Morally complex and filled with tension, Asghar Farhadi’s A Hero goes to great lengths to show the levels at which the truth lies. Featuring a commanding lead performance from Amir Jadidi, Farhadi again wrestles with weighty themes set in the political climate of his native Iran.
Rahim (Jadidi) is in prison because of a debt he is unable to repay. During a two-day leave, his girlfriend Farkhondeh (Sahar Goldust) gives him a discovered bag with 17 gold coins. Aiming to sell them to pay back a portion of his debt to his creditor Bahram (Mohsen Tanabandeh), Rahim has them appraised. Morally conflicted, he convinces Farkhondeh that they should discover who lost the coins and return them.
Back in prison, the female owner calls him and correctly identifies the bag and its contents. Rahim’s sister returns the bag to the woman and Rahim’s actions are noted by the prison officials. In order to distract from recent bad publicity in the prison, the officials promote Rahim’s story through the media. In the subsequent coverage, Rahim is granted further leave while others appeal to Bahram to release him from prison.
As the coverage continues, pressure mounts on Bahram while the validity of Rahim’s story is called into question. While Rahim scrambles to fit the pieces together in a way to stay out of prison, he pushes the moral boundary of what he is willing to do to accomplish that goal.
Rahim’s selflessness is one of the primary reasons others want his release, but how selfless was his deed? What small details would have changed his own actions? Is there even such thing as a selfless deed? Rahim goes out of his way to make sure this deed was done by him, despite acting like he doesn’t want the credit. If this is the worst thing he does in order to get out of prison, can you even blame him?
The truth of the situation is paramount to the narrative. Though very early on, despite the accuracy of what we see is true, every detail becomes important. It doesn’t matter that Rahim did the right thing, it matters what can be proven and how it transpired in the first place. When the accuracy of the event is called into question, Rahim scrambles to back up his story, but circumstances get in the way. If a crucial piece of evidence would help, it is in the most difficult of places.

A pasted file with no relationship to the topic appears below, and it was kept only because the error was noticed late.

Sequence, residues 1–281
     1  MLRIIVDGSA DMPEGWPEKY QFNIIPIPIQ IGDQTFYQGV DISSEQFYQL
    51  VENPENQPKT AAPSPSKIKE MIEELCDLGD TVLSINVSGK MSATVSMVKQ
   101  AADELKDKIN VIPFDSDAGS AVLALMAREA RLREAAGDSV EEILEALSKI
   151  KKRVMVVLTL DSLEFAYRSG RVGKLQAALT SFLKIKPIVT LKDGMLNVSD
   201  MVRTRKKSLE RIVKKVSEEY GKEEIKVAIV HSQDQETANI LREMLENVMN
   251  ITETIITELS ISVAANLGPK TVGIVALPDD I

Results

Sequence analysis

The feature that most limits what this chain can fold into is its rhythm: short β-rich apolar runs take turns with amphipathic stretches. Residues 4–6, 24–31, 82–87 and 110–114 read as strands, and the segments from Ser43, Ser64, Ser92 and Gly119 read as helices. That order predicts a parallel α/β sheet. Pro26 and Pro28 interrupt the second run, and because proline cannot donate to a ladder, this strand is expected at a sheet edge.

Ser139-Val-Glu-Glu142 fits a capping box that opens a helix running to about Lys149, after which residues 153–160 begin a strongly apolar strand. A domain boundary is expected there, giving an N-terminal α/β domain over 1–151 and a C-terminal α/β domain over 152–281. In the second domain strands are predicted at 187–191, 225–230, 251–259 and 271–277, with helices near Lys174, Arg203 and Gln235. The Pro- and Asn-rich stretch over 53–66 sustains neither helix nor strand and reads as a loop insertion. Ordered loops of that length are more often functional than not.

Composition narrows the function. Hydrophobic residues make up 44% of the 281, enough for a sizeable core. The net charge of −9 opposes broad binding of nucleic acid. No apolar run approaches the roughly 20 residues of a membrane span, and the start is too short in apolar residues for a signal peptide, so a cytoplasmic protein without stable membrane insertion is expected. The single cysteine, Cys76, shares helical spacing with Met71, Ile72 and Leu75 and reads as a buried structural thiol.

Rahim reaches a point where he realizes his son (Saleh Karimai) is being exploited in order to keep him out of prison. The boy, saddled with a debilitating stutter, is brought up on stage and in front of cameras on a regular basis to gain the necessary sympathy for his father. Rahim’s own pride runs afoul of his son’s dignity.
There is also a snowball effect to Rahim’s actions. When the veracity of his story comes into question, he takes ethically-gray steps to verify what he cannot with evidence. Despite the knowledge that his action was the truth, the perception of his potential deception is more important than the actual facts.
As with all of Farhadi’s films, A Hero populates the outskirts of the narrative with great character actors. Sarina Farhadi (the director’s daughter) plays Bahram’s eternally skeptical daughter, layered with disdain and distrust. Fereshteh Sadrorafaii plays the leader of a charitable organization that wants to help Rahim, but also wants to keep her charity’s name in the public’s good graces. Karimai rips your heart out with every word, but never drops to a level of parody.
Goldust, in her film debut, is stunning as a woman who loves Rahim to a fault and will do anything she can to see him free. She also skirts the line of moral ambiguity but does it without the hesitation that Rahim does. She is so much more than what is on the surface.
On paper, Tanabandeh is the villain of the story, but there are no true villains. His performance is that of complete righteousness, but with the world screaming out to appeal to his humanity. He never takes the villainous turn you expect, but instead presents the facts of the situation in a blunt manner. His character makes too much sense every time he talks and it puts you on his side, despite wanting to be against him.
Jadidi appears in almost every scene and dominates your attention. He starts with a coy, unassuming smile and mild manner. He turns into a frazzled man burned out by exasperation. In between, he slowly reaches from one extreme to the other. Never siding completely on the side of selfless or selfish, Jadidi delivers one of the male performances of the year.
Though by no means an easy watch, A Hero shows the complex nature of the truth and the comfort levels people are willing to go through to achieve their goals. Farhadi proves once again his ability to present a straightforward situation and complicate it with the unfortunate barbs of human nature. One of the best films of the year.
A Hero is in theaters and will be available to stream on Amazon Prime on January 22